Serious Infections in Adolescence Linked to Increased MS Risk
Experiencing serious infections during adolescence is tied to an increased risk of developing multiple sclerosis (MS) later in life, but those occurring in childhood don’t increase MS risk, according to a new Swedish study.
The study also found that certain types of infections, especially those that affect the central nervous system, or the brain and spinal cord, are most associated with MS risk.
“Our study provides further evidence that adolescence is a period of heightened susceptibility to exposures linked with MS risk and that there can be many years between exposure and MS diagnosis,” Scott Montgomery, a professor at Örebro University, in Sweden, and the study’s lead author, said in a press release.
“It may be worthwhile considering MS as a potential diagnosis in someone displaying neurological symptoms if they had a serious infection in adolescence,” he added.
The study, “Hospital-diagnosed infections before age 20 and risk of a subsequent multiple sclerosis diagnosis,” was published in Brain.
MS is caused by the immune system attacking cells in the brain, but the factors that lead to this erroneous immune attack are not well understood. One thought is that infections could predispose a person to develop MS, since the immune system normally attacks infectious invaders and this could lead to the beginning of the autoimmune processes underlying the disease.
Indeed, some specific infections — such as the Epstein-Barr virus (EBV), which causes infectious mononucleosis, known as mono — have been linked with an increased risk of developing MS later in life. However, it’s not clear whether this is an effect of a specific type of infection, or whether such infections, in general, increase MS risk.
Now, researchers in Sweden conducted an analysis to gain better insight into the connection between infections and MS risk. Using national databases, the team identified nearly 2.5 million people who were born between 1970 and 1994. Of these, 4,022 were diagnosed with MS at the age of 20 or later; the average age at diagnosis was around age 30. More females than males developed MS, which is in line with well-established sex-based differences in MS.
Among the analyzed patients, 462, 157 or nearly 20% (19.07%) had a diagnosed infection in adolescence, between the ages of 11 and 19. Meanwhile, 338 ,352 individuals (13.96%) had an infection during childhood — specifically at age 10 or younger.
Of note, because the researchers used databases, they were specifically looking at infections that were diagnosed in a hospital — meaning those that are relatively severe, since a mild infection like a cold is usually unlikely to prompt a hospital visit.
Using statistical analyses, the researchers assessed whether infections in early life were tied to an altered risk of developing MS later on. The results showed there was no link between childhood infections and MS risk.
However, infections in adolescence were associated with a significantly increased risk of MS, by about 33%. An additional analysis — which excluded an infection from EBV and several other well-established infections with a known connection to MS — still showed a statistically significant association between infections in adolescence and MS risk, by about 17%, the researchers noted.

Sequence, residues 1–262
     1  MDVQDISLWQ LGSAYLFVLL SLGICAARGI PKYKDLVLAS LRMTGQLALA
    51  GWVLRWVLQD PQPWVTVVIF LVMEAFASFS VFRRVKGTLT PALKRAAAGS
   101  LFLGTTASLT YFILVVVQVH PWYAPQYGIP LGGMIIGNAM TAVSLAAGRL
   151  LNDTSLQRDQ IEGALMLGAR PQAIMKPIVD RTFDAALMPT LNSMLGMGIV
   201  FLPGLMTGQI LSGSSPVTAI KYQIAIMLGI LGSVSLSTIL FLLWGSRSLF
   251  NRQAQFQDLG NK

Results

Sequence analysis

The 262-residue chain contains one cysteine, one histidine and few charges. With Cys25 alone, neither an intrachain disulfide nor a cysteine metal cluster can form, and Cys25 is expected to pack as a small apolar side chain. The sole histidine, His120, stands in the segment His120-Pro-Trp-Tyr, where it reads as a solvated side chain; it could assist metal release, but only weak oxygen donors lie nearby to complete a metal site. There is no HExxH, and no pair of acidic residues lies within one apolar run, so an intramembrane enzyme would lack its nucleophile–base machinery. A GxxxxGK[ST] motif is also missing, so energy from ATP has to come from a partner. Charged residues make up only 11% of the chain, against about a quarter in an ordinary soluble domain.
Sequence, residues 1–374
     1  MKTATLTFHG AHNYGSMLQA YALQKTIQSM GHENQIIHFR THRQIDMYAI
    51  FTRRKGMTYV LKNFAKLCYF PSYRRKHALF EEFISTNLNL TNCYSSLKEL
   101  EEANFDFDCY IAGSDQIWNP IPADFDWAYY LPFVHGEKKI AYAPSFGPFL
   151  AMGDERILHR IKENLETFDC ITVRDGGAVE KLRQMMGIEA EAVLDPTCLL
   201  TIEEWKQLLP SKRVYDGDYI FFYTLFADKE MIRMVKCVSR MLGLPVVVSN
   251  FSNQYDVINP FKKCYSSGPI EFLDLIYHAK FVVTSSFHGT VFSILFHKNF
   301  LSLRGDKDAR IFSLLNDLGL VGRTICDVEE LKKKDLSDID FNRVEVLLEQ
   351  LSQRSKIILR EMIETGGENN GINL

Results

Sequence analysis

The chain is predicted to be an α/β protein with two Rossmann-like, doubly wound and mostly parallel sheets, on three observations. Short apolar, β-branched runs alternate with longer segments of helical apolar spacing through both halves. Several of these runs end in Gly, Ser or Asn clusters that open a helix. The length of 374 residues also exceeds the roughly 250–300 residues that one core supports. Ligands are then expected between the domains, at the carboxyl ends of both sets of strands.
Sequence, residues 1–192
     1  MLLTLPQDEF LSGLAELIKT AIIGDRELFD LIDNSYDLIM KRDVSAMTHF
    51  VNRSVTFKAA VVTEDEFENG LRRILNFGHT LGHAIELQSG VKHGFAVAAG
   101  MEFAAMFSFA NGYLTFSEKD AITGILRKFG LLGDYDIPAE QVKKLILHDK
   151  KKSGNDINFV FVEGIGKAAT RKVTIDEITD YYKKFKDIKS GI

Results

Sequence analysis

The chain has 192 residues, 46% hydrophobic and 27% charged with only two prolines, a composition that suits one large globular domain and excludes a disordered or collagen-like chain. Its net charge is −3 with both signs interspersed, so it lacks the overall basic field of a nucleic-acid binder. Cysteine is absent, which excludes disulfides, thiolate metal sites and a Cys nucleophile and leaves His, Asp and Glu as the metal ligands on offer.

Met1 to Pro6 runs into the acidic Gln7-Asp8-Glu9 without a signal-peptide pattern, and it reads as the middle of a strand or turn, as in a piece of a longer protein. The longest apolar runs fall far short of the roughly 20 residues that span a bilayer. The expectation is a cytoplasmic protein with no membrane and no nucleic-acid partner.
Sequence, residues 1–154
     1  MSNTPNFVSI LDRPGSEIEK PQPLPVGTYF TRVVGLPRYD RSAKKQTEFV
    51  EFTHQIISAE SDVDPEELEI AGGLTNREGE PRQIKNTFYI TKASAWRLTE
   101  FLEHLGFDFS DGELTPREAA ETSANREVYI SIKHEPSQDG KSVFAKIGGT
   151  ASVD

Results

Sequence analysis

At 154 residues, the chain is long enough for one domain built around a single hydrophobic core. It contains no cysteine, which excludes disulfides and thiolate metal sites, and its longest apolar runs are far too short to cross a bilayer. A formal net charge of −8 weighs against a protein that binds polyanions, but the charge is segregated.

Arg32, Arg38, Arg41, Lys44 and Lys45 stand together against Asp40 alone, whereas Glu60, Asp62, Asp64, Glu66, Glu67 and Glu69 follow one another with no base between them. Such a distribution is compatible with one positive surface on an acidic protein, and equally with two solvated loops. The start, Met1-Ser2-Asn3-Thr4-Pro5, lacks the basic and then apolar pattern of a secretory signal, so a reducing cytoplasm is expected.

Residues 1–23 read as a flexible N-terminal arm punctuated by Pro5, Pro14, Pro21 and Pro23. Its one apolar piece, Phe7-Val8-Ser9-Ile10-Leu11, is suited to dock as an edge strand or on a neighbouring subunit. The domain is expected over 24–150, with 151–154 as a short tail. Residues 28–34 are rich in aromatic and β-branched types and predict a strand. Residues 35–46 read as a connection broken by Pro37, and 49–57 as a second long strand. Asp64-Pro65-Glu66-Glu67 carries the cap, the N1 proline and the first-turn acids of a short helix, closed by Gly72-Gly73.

“The association we found between infections in adolescence and increased risk of a subsequent multiple sclerosis diagnosis was not only explained by infections previously linked with multiple sclerosis risk: infectious mononucleosis and pneumonia, nor due to CNS infection, which although not having been previously investigated as a risk factor for multiple sclerosis (to our knowledge), could plausibly affect later multiple sclerosis risk as indicated by this study,” the researchers wrote.
“Thus, other types and sites of infection in adolescence were also risk factors increasing the likelihood of a subsequent multiple sclerosis diagnosis,” they concluded.
Further analyses showed that the highest MS risk was tied to any infection of the central nervous system or CNS, which comprises the brain and spinal cord. People with CNS infections in adolescence were nearly three times more likely to develop MS, the data showed. Removing EBV did not alter this significant association.
CNS infections in childhood also were associated with a significantly increased MS risk, by about 47%.
Respiratory infections during adolescence increased the risk of MS later on, as did any infection during adolescence of the genitals/urinary tract — though neither type of infection during childhood was tied to a significantly increased MS risk. Gastrointestinal infections in childhood or adolescence showed no significant association with MS risk.
Analyses that looked at viral infections other than EBV showed no significant association with MS risk. However, any bacterial infection — both inside and outside of the CNS — was significantly associated with MS risk.
Additional analyses that looked only at patients diagnosed with MS after age 25 found similar results. This suggests that the results aren’t being complicated by the fact that MS itself can predispose people for infections, even before symptoms are obvious enough for the disease to be diagnosed.
“The next step in our research will be to further investigate whether people who are genetically susceptible to developing MS are more likely to have a more pronounced immune reaction to infections increasing the likelihood of hospital admission,” Montgomery wrote.